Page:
Showing posts from June, 2015

EduTECH Day Two - Heidi Hayes Jacobs: Bold Moves / Thoughtful Leadership

Every time you have a meeting imagine a student in one of the seats. Every decision you make, every thing you discuss must be in that student's best interest.  Classical teaching is timeless and timely.  Pedagogy: - Antiquated (what to cut) - Classical (what to keep) - Contemporary (what to create) Our learners need classical and contemporary teaching.  Cultivating "right now" personalized learning experiences.  "The best way to predict the future is to invent it" - Allan Kay Four Program Structures:  - Time - physical and virtual  - Space  - Grouping learners - Personnel configurations  How can we move this along.  An aside - I think Heidi Hayes Jacobs needs to come visit HPSS and out awesome SLLs.  We don't need reform, we need new form. We teach to the time we have. We need to consider time as currency. What's a good use of 20, 40 or 60 mins of time.  Why does end at the same age? We ne

EduTECH Day Two: Digital Leadership with Eric Sheninger

Source: He's quite shouty, which coming from me is really saying something. What is truly possible in education? There is always excuses to not move forward. We need to stop making excuses and make a difference and make changes.  Leadership is action, not a position. This brings to mind what we tried to achieve with #hackyrclass Every teacher can be a change agent, regardless of what's happening in the wider school. Check out the Hack Your Class project here: Are we seeing the fundamental shifts in schools that we are seeing beyond school. As an aside - how long do we need to keep talking about this before we get a critical mass doing it?? What does school really teach students? Sheninger shared how he was a Principal doing what he thought he had to do - focusing on control and compliance. March 2009 Sheninger got in Twitter

EduTECH Day One: Open Schools for globally connected learning

David Price is the author of the fabulous book Open and Larry Rosenstock is the director of High a Tech High. Autonomy is the new mantra. Price spoke about the fact that the need for change is escalating, referring to examples such as global warning as an issue showing the need to address wider world issue before it's too late.  2020 50% of all jobs will be freelance.  2030 47% of all jobs will be automated. How are we preparing our students of today for this very real and close future?  Education Change Deniers!   I love this term. The term to describe those that want to sell future focused education as a needless left-wing conspiracy - I know of a few of this in NZ! What we need is OPEN learning.  Open learning is: 1. Outward facing  2. Highly creative  3. Done with not to students  4. Driven by purpose If you haven't already, make sure you read David Price's book - OPEN   Larry Rosentock shared a clip from Most Likely to Succeed . A documentary about the need to change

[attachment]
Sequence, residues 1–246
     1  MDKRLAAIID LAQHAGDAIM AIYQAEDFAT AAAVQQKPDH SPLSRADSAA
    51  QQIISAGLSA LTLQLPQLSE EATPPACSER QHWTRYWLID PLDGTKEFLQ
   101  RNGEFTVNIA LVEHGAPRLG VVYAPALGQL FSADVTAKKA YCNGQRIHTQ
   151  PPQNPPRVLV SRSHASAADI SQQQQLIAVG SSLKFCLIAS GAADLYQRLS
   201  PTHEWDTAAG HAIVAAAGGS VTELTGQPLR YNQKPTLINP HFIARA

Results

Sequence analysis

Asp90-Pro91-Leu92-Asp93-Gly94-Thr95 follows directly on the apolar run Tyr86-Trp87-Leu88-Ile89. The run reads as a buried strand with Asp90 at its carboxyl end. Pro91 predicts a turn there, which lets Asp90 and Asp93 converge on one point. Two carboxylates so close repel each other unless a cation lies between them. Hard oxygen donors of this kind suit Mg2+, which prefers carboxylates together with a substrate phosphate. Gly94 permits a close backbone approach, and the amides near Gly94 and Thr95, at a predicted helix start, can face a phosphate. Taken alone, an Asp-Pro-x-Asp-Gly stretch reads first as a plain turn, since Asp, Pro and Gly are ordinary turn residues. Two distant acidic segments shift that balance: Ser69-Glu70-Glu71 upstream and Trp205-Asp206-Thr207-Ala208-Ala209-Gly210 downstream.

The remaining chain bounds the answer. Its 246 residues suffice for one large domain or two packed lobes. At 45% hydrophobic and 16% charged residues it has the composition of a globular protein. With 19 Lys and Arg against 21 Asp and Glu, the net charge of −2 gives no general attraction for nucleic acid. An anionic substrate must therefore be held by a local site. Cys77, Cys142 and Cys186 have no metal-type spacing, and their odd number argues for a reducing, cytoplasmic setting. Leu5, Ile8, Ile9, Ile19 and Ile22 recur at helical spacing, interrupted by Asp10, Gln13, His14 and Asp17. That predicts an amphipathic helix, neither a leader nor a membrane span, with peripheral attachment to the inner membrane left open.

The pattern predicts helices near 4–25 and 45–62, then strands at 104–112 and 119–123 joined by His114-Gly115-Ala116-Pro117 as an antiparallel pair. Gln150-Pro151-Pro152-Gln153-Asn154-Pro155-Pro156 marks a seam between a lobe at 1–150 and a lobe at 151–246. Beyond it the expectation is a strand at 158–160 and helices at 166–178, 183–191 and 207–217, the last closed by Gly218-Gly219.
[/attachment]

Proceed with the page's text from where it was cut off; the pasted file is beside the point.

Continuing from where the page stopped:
EduTECH Day One: Super Awesome Sylvia - The Power of Making

Super Awesome Sylvia certainly lives up to her name - she is certainly is awesome. An awesome role model for our learners and an important reminder to educators as to how students are capable of not only leading their learning, but also teaching others.  Check out her website: It would be great to see this happening in class rather than just at home. A great argument for all classes to not only be maker spaces publishing suites.  I also like this website she mentioned:  where kids can teach other kids. Encouraging them to not only make but to also share, learn and teach!  Sylvia also demoed her WaterColourBot   demonstrating an awesome intersect of art, Maths, robotics and computing. Man I hope HPSS produces legions of young people like Sylvia!! I also loved that she was brave enough to do live demos, rolling with the hiccups and being an awesome example of why she should take risks and embrace failures as part of the

EduTECH Day One: Eric Mazur - Assessment: The silent killer of learning

Eric Mazur is a physicist and educator from Harvard University Mazur kicked off with an anecdote about meeting a woman on a plane who developed flash cards...for phones. It was clear from the outset that this man doesn't value memorisation and rote learning - I think we are going to get on. He was quick to point out that memorisation is only about passing the test. After a few days only 35% of that information. Today he is arguing something I feel passionate about - our assessment practices are outmoded and outdated. Really only designed for ranking students. What is the purpose of assessment?  He gave us 90 seconds to list purposes of assessment...I got: Checking understanding Monitoring progress Needs for future learning Others might value: Ranking students Personally really only value assessment FOR learning.  His list: Will post when I have better wifi! He identifies a key issue. It is often inauthentic problem solving. Couldn't agree more! This is my problem with external